lumpectomy

‘Doctors told me it was ‘a blocked milk duct.’ It felt like a lemon seed under my skin, close to my areola, and hadn’t hurt at all.’: Woman with breast cancer stays positive, ‘I’ve got this. Everything will be okay.’

“My diagnosis came when I was a 48-year-old, post-menopausal woman with no biological children. I told myself, ‘I have to get my sh*t together quick!’ Things were progressing well until a few days after we moved into a new home. I was experiencing severe shortness of breath, which I’d mistakenly attributed to chemo side effects. Long story short, 840 gallons of propane leaked into our home. By the time the leak was discovered, my treatment plan had been modified.”

‘Mommy, I’ve been scared to say this, but I have a big bump on my chest.’ I lifted her shirt. Sheer horror!’: 8-year-old girl diagnosed with breast cancer after both parents beat cancer, ‘we are a family of fighters’

“There it was. A hard lump directly under her right nipple. ‘Honey? Please come here a minute.’ My husband and I exchanged a look of fear. It was so dark you could see it through her skin. We just hugged and bawled. ‘Not our baby girl,’ we both kept saying. ‘Mommy, what’s wrong?’ Her sweet face changed.”

‘What are the chances lightning strikes twice?’ Then I got the news. ‘Ashley…I have cancer, too.’: Twins battle breast cancer simultaneously, ‘we found strength in each other’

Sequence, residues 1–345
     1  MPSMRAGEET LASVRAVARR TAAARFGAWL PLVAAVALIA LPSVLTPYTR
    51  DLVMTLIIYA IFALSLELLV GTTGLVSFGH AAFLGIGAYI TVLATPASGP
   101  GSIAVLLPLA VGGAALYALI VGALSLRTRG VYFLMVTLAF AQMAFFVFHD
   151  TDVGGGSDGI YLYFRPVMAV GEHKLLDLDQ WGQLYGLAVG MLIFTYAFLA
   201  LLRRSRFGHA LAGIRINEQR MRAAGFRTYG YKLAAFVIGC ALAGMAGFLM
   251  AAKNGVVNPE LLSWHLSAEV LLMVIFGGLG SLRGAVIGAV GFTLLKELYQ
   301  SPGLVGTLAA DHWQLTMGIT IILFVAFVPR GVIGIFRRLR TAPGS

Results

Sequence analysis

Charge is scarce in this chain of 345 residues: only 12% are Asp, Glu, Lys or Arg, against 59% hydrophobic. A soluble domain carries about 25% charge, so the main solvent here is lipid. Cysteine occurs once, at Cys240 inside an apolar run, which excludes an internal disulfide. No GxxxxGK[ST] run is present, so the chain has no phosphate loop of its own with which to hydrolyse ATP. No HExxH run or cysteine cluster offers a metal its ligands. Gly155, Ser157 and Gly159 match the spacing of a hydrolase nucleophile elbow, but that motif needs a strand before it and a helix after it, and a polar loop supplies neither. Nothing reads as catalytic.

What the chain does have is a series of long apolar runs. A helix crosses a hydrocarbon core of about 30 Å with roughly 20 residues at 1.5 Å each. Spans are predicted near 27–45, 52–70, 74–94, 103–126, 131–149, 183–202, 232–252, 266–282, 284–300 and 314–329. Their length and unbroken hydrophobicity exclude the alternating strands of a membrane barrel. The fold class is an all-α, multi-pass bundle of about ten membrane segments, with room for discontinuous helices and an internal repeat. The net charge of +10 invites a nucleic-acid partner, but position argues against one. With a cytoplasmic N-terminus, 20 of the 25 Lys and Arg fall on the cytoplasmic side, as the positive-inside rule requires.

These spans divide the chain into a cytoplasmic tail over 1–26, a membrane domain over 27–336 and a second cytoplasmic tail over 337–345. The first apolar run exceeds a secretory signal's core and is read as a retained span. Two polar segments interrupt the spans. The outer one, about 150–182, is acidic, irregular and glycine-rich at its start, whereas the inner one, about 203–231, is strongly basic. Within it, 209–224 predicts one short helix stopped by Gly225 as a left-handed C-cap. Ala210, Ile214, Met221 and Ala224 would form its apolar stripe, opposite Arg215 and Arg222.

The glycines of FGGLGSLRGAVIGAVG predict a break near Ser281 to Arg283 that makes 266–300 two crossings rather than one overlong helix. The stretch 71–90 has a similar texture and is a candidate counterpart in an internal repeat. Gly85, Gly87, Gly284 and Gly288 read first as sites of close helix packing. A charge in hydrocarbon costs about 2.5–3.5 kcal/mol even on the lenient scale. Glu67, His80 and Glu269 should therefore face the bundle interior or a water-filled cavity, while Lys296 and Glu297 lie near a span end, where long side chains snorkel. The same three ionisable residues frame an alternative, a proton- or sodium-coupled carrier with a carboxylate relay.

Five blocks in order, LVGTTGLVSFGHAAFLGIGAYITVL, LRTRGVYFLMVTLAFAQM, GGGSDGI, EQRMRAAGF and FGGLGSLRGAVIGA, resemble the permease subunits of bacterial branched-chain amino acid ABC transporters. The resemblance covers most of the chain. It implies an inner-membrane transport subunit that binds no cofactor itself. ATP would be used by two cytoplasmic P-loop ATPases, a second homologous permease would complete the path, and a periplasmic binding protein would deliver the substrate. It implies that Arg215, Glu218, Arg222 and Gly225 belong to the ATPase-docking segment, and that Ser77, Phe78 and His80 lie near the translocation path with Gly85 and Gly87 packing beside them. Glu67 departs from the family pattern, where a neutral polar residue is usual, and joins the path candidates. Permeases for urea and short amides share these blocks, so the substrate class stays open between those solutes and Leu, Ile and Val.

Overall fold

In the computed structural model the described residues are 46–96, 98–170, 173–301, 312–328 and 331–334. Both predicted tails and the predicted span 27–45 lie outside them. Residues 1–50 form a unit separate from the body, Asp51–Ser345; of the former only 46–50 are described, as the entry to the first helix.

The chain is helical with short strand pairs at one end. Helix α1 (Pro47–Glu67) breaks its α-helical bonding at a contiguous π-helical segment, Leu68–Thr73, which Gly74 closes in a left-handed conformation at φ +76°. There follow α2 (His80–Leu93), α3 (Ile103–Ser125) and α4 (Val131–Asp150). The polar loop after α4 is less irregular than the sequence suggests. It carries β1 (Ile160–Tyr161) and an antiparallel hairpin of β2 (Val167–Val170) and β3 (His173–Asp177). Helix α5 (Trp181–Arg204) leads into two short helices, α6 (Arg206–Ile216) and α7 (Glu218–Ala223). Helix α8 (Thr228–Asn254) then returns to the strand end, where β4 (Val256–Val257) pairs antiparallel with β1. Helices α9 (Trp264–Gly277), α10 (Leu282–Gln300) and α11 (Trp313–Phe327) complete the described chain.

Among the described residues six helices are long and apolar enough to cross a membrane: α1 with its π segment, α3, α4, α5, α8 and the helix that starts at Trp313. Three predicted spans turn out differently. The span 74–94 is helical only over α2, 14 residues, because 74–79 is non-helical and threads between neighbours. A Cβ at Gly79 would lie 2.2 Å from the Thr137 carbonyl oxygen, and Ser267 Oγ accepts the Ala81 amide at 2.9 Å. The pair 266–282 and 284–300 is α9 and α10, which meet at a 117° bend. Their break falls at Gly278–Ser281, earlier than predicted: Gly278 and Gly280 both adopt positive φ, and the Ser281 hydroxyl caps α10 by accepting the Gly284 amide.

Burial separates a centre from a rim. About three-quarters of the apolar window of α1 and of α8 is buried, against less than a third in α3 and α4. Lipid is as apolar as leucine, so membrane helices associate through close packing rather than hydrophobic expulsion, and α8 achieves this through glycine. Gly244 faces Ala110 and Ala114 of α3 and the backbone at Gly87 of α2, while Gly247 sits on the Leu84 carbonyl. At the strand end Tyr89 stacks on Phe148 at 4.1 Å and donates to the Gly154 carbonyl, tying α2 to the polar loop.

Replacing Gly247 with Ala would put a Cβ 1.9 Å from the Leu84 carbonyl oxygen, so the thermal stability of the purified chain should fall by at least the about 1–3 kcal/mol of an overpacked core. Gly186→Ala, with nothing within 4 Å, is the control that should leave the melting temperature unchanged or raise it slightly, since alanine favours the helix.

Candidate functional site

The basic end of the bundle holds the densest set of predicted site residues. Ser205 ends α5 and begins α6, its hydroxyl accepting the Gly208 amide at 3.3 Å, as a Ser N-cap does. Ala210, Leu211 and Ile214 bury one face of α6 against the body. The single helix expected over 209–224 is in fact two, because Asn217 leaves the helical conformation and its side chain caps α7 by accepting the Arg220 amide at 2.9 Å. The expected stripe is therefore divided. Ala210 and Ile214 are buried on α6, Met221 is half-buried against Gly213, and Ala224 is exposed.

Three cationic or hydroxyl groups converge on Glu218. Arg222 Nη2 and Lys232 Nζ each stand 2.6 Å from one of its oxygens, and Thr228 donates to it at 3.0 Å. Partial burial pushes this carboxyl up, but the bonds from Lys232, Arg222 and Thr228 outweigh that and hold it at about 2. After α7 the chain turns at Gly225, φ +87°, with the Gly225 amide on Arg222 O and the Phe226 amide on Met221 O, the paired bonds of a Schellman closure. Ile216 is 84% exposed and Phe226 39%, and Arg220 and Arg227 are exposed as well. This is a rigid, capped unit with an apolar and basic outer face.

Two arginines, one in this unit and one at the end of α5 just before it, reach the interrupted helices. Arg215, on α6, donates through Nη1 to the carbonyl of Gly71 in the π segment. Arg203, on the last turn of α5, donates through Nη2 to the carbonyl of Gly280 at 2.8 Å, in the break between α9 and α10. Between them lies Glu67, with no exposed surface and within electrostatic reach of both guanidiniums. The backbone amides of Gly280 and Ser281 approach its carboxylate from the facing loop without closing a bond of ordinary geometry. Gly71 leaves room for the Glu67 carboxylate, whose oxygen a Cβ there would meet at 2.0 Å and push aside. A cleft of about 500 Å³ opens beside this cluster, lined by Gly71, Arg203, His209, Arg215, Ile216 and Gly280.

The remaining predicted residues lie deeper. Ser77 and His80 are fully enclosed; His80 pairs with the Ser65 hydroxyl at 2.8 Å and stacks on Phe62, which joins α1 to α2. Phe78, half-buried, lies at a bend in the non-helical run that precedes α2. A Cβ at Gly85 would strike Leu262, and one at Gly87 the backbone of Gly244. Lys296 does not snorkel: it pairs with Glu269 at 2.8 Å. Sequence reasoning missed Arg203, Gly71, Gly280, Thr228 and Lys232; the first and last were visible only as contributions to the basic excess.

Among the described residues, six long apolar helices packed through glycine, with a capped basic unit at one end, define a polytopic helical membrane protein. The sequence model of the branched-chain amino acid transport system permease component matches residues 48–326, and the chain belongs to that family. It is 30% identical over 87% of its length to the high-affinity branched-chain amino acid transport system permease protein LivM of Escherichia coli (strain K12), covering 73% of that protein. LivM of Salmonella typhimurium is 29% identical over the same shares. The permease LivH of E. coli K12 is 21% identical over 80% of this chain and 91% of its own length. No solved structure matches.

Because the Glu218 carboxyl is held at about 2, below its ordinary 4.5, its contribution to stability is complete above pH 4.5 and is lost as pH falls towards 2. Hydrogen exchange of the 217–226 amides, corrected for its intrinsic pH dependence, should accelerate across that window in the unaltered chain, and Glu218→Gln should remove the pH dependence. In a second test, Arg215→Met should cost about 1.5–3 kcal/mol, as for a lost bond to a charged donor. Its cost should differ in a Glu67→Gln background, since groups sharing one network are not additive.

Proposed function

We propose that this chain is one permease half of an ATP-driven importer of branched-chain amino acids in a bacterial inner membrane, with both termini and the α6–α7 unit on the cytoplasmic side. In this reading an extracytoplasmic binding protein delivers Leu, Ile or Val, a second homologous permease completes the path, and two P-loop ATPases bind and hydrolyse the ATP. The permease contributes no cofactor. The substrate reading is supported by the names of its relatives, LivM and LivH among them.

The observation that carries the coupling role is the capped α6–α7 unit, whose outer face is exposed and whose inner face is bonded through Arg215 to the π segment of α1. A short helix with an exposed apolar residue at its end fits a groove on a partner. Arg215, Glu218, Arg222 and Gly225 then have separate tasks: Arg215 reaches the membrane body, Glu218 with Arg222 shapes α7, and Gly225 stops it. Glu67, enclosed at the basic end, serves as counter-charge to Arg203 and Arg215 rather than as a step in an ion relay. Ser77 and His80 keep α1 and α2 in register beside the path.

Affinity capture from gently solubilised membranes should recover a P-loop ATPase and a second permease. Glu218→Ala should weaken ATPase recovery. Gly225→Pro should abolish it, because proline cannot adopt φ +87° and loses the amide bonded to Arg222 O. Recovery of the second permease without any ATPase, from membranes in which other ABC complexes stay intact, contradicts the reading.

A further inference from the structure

“The day after my biopsy, I received a phone call. ‘Wow, the results came fast. Must be good news!’ The nurse put the doctor on. ‘Hi, Danielle. I want you to know we found cancer…’ Suddenly, all of the air was sucked out of my body. I called my sister. ‘Man, you cursed me. I have it.’ I could hear my mom in the background saying, ‘Are you EFFING kidding me?!’ We were battling this together.”

‘If I die, our kids won’t remember me.’ My husband excused himself to the bathroom, literally sick to his stomach.’: Woman mistakes breast cancer for ‘clogged milk duct,’ says chemo ‘almost killed her’

“The ultrasound tech brought me a box of tissues, tears welling up in her eyes. ‘What are the tissues for?’ I asked, confused. ‘There’s an 80% chance it’s cancer.’ I was completely shell-shocked. Numb. I couldn’t get out of the room and building fast enough. While others continued living their lives, I was stuck, sick. My life was put on hold.”

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